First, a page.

Let us discuss the article in the context of teaching.  I believe the article to be of use to people designing an ethics course for use in schools—say for students aged 8 to 17 (a wide range, because the material is not used directly with the students—a curriculum is used).  Also, teachers of a course already designed by others could profitably read it for deep background and to help them decide in which directions it is appropriate to steer the class discussion and in which directions it is inappropriate.  The above remarks apply also to people designing or teaching “adult education” courses (as opposed to university courses).  Not all adult education courses, however, because a good many of these courses concentrate on the writings of specific philosophers.  As suggested above, religious schools that set their religion in a secular framework may also find value in the article.

Quite apart from teaching, the article is geared also to any adult interested in ethics.  (Whether the article is useful for university academics and university students I leave it for others to decide!)

Remarks

Comments on the article are welcome:  send by email to  davidblair@tpg.com.au .

 

Three notes about the article need to be made here.

  1. The “project” referred to in the first paragraph of the Preface was being set up in 2006 but has long ceased.  Consequently, much of what is said in the last two paragraphs of the Preface is no longer relevant (such as “develop a brief, crisp declaration” and “take part in the committee work”).
  2. Footnote 1 (explaining what the golden rule requires) ends with “the pronoun ‘I’ ”.  It is desirable to spell this out further.  In any purported ethical law, any occurrence of “I” or “me” needs first to be replaced by who it is that the “I” refers to: otherwise the “law” is not universal.  Then the requirement of universality is satisfied (in respect of this particular occurrence of “me”) if the replacement is a description that contains no proper noun.  To illustrate the point, “ … ought to salute me” might be replaced by “ … ought to salute the superior officer whom he has just encountered”; but it is not satisfactory to replace it with “ … ought to salute if the soldier encountered is John Smith.”  Interestingly, a universal law may refer to “the agent,” that is, the person whose possible action is being considered.  Thus there is nothing in the golden rule to say that, when the agent specifically gives preference to his own interests over the interests of others, he is automatically being unethical.  It can be that the person is acting ethically—as long as he seriously holds the view that every other person that acts in the same way in the same circumstances is also acting ethically.  Modern clinical psychology holds that is right to give some priority to one’s own interests over the interests of others—subject to some spelling out of the circumstances in which to apply this maxim and the extent of the priority.  (The psychologists point to the importance of avoiding getting highly stressed and the importance of relaxation and enjoyment.)  There are many unanswered questions in this area of ethics.  It seems that the only practical way to proceed is, not to try to somehow extend the golden rule, and thus ban many proposed ethical laws from even entering the ethical debate (by pointing to their alleged selfishness).  Any seemingly “selfish” laws can then be debated, or judged with the aid of feelings and empathy, just like any other proposed ethical laws.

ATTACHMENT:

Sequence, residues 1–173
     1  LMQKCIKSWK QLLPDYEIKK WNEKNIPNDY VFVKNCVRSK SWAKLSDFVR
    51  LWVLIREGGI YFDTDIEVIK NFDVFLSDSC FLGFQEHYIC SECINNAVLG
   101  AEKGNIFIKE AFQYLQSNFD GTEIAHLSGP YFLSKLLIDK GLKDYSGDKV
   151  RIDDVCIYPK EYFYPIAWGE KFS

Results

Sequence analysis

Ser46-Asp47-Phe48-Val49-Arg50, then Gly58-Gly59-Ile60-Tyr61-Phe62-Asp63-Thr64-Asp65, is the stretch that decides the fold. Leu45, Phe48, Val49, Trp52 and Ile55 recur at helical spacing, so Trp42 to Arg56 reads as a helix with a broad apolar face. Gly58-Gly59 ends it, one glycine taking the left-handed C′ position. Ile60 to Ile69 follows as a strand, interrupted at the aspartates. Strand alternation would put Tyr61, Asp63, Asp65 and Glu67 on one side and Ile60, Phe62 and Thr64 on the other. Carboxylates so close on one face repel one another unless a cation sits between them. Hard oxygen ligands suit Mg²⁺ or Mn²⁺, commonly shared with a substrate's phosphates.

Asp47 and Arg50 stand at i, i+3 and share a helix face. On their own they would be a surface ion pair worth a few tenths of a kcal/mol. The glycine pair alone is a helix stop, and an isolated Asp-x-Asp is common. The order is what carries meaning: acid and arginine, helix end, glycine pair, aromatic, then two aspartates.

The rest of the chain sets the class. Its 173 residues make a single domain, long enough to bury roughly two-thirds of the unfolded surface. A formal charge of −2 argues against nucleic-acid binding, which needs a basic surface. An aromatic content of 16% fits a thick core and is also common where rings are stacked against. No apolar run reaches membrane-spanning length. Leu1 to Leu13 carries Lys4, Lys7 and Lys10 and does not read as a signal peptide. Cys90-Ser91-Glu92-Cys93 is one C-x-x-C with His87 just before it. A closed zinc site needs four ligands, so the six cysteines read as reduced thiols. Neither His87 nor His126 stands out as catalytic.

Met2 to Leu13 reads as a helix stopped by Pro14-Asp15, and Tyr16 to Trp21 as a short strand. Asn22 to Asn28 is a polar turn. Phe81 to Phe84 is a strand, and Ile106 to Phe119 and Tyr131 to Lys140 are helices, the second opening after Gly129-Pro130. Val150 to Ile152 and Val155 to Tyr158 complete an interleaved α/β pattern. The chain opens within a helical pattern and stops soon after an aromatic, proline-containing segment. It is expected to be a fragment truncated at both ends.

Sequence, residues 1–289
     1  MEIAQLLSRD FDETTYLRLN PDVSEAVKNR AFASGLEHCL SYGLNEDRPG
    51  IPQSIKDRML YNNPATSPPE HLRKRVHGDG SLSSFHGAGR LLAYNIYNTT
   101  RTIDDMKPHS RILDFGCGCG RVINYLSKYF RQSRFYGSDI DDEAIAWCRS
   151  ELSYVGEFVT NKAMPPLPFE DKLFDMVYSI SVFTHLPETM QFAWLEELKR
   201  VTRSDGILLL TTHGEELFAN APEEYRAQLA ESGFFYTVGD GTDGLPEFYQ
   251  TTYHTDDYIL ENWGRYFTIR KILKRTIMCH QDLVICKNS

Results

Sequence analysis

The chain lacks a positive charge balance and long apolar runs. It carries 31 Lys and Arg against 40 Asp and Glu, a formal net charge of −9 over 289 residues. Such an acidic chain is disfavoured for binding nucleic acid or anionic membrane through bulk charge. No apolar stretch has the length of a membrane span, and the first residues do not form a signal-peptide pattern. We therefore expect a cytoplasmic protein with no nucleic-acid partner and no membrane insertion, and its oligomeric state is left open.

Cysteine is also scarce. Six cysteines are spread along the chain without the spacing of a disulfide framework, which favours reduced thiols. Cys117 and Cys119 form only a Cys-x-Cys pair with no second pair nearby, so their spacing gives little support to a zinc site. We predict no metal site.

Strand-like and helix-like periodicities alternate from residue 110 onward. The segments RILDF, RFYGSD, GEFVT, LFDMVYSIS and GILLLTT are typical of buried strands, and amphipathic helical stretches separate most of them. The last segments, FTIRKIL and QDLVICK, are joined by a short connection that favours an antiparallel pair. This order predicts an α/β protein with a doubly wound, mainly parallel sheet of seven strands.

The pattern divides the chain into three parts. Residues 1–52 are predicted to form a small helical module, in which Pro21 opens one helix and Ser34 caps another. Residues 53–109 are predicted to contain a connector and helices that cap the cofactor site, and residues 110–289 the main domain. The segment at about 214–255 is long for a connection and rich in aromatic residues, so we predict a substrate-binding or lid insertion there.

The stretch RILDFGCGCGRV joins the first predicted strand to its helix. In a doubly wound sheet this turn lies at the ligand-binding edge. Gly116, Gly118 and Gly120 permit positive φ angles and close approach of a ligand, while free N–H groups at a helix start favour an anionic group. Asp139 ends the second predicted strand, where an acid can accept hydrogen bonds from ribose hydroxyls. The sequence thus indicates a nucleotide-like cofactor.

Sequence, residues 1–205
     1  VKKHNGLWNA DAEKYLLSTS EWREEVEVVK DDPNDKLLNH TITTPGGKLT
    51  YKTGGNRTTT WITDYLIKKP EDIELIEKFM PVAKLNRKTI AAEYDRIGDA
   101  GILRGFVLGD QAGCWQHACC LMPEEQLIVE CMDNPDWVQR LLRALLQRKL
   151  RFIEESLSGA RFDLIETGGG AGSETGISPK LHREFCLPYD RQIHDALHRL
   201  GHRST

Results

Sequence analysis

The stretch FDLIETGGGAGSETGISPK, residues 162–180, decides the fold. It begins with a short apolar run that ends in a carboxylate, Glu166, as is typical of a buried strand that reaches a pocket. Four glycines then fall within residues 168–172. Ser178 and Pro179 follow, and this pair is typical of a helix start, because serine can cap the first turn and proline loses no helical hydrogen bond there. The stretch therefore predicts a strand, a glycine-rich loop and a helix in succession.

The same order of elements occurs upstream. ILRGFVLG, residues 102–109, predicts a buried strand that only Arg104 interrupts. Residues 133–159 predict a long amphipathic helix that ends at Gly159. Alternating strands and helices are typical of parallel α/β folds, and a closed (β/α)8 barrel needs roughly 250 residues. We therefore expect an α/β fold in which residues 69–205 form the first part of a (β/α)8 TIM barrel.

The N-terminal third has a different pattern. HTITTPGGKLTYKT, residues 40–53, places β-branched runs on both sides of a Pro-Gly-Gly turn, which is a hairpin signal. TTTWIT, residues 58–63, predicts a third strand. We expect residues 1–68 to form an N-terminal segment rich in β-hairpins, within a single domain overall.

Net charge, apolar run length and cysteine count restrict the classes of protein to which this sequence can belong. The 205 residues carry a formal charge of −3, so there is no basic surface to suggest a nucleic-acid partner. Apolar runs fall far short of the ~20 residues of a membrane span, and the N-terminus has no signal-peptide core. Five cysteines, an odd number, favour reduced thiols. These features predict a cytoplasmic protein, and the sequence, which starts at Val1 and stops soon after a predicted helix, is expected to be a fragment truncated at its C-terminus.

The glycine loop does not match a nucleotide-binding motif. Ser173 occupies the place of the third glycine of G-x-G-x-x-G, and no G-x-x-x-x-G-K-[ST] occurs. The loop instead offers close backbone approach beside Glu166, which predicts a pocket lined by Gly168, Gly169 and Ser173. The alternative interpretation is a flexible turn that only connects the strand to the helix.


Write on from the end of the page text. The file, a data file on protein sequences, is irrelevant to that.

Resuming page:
3. I add that many ethical laws are not of the form, “In situations of type X, one ought to do Y,” but are of similar forms.  Thus a law may begin with the same antecedent (“In situations of type X”), but be completed by any of the following:

 (i) one (or “the agent”) is permitted to do Y; (ii) one ought not to do Y; (iii) whether one ought to do Y depends on further details of the situation; or (iv) normally one ought to do Y.

End of Introduction